Antibiotic Resistance: ICMR advises hospitals to avoid three antibiotics
CHENNAI: To prevent the misuse of antibiotics and its drastic consequences in terms of antibiotic resistance, the Indian Council of Medical Research (ICMR) was recently seen advising tertiary care hospitals in South India to should avoid three major antibiotics from regular use
The three antibiotics thus identified include Carbapenems, polymyxin and colistin. ICMR has adviced that these antibiotics should be kept in a "low-use" zone in the tertiary care hospitals
The ICMR has suggested that these three antibiotics should be kept in high need zone and used as the last resort in critically-ill patients to ensure they don't become redundant, as confirmed antibiotic stewardship committee chairman Dr Dilip Mathai to TOI.
Ensuring the low use of these antibiotics, Dr Mathai said, "Every prescription for these drugs should be approved by an internal committee or another physician before being administered to patients."
In a meeting held with ICMR, officials teams from five tertiary care hospitals, each comprising a doctor, nurse, microbiologist, pharmacist and administrator, were present in order to to draft or improve action plans for the internal stewardship committees.
The hospitals include Apollo Hospitals in Chennai, Christian Medical College, Vellore, JIPMER, Puducherry , Nizam's Institute of Medical Sciences, Hyderabad, Manipal Hospitals, Mangalore, and Amrita Institute of Medical Science, Kochi.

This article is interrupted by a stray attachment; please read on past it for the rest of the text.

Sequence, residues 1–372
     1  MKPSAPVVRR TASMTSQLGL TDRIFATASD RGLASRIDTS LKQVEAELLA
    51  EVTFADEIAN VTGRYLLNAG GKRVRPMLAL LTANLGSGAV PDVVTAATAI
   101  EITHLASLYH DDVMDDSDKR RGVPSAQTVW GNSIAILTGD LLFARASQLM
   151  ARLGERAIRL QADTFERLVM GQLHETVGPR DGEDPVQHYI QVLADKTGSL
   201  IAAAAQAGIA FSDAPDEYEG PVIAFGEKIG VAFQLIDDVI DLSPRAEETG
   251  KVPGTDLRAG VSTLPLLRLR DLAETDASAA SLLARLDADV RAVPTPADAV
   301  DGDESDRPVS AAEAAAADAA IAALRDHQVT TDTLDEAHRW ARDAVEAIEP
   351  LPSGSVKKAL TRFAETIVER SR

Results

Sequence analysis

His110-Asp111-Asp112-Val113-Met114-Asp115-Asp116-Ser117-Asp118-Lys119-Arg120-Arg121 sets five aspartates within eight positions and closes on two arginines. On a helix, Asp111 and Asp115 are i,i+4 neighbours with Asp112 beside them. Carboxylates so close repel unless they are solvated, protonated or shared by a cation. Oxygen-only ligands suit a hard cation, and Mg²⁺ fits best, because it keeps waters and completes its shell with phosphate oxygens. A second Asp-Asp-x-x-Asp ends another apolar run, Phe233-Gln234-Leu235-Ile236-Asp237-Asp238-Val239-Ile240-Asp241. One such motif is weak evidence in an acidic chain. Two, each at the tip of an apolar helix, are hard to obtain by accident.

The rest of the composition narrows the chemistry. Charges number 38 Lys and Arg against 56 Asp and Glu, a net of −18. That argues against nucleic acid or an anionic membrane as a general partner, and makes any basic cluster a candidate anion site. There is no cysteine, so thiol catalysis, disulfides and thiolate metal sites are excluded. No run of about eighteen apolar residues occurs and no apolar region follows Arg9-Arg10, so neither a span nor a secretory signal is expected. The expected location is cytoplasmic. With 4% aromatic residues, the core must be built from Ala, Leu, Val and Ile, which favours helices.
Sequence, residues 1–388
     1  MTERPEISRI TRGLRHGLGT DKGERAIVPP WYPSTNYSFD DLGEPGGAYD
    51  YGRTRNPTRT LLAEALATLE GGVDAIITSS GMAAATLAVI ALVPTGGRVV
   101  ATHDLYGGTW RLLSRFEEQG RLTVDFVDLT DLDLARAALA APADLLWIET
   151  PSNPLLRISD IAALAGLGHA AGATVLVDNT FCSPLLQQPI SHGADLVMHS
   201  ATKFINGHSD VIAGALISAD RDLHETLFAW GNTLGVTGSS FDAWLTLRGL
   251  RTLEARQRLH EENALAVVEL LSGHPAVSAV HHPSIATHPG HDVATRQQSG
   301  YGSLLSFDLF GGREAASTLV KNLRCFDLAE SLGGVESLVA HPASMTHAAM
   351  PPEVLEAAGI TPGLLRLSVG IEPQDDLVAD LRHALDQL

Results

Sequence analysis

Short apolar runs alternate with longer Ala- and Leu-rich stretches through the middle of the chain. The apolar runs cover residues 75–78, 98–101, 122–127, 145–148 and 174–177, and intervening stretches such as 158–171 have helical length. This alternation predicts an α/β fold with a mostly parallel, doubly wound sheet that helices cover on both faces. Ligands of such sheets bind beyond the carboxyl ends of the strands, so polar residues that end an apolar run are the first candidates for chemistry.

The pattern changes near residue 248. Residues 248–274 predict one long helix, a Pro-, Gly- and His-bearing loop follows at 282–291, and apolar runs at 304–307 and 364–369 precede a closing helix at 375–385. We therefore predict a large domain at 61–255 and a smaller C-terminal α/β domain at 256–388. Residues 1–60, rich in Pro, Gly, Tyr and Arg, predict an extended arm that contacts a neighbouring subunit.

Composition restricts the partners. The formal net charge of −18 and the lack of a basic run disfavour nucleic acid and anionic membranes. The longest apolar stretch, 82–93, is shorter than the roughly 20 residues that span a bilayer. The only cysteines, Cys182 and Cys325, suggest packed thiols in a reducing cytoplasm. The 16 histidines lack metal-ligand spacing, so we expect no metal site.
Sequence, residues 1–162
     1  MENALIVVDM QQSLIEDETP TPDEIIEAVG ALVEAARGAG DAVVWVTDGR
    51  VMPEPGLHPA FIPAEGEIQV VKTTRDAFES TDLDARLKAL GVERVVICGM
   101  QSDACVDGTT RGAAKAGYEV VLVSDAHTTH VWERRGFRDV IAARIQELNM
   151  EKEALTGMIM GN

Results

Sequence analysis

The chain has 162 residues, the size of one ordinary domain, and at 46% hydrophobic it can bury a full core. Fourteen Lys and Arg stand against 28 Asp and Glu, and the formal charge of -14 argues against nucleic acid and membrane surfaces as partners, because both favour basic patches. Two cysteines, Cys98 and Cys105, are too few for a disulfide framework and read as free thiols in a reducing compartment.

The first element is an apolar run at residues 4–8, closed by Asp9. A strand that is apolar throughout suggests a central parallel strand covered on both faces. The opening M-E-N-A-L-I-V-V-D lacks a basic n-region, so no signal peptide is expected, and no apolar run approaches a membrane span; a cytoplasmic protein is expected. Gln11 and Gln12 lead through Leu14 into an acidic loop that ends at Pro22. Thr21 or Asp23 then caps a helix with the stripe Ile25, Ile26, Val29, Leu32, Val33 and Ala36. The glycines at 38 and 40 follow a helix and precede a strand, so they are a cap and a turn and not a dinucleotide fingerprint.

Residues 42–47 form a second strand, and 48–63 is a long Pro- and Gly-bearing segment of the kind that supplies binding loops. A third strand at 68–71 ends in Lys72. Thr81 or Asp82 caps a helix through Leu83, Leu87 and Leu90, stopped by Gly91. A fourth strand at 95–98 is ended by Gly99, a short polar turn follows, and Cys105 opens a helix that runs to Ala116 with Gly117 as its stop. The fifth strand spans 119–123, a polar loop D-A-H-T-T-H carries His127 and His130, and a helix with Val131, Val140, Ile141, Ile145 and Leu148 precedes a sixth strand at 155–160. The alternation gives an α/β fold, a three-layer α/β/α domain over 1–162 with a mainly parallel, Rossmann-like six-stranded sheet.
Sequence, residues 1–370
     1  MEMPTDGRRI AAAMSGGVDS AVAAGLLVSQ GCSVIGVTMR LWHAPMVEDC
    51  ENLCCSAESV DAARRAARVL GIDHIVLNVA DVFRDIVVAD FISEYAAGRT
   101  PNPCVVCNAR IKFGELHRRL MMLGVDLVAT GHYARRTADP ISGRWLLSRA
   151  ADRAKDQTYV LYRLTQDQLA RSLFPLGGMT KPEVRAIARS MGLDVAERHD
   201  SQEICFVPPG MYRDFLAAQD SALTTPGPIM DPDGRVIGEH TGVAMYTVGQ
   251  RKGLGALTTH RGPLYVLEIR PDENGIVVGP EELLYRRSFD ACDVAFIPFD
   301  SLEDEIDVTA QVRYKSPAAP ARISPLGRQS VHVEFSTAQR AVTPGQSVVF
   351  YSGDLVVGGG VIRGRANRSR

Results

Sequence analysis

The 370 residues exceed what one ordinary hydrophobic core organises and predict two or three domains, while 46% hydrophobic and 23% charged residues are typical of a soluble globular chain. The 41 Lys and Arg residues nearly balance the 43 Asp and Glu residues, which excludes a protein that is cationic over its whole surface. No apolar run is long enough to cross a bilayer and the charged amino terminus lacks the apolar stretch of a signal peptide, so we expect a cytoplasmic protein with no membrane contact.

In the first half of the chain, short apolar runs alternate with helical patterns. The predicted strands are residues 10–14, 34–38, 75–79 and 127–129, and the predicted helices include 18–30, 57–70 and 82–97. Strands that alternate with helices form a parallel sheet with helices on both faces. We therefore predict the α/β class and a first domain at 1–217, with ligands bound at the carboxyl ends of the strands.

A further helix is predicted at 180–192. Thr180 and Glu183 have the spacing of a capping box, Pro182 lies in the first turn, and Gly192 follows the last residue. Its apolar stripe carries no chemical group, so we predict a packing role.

Dr. Dilip further said, "Poor infection control and lack of rational use of antibiotics may soon make ICUs a hot bed for infections."
During the meeting, the hospitals have been advised to follow the instructions as they were advised to follow the procedures from top to tip.
Explaining the each and everyone's responsibilities ICMR epidemiologist Dr Kamini Walia said, first hospitals have advised to first frame the policy and spread it thoroughly. While microbiologists will prepare a list of common infections, drug-resistant infections and effective antibiotics based on periodic study , doctors will be asked to pick the `best bet' drug to treat infections before sending the patient's blood sample for detailed analysis.
" The list of antibiotics will vary for hospitals as the infections may be different," she said, speaking to TOI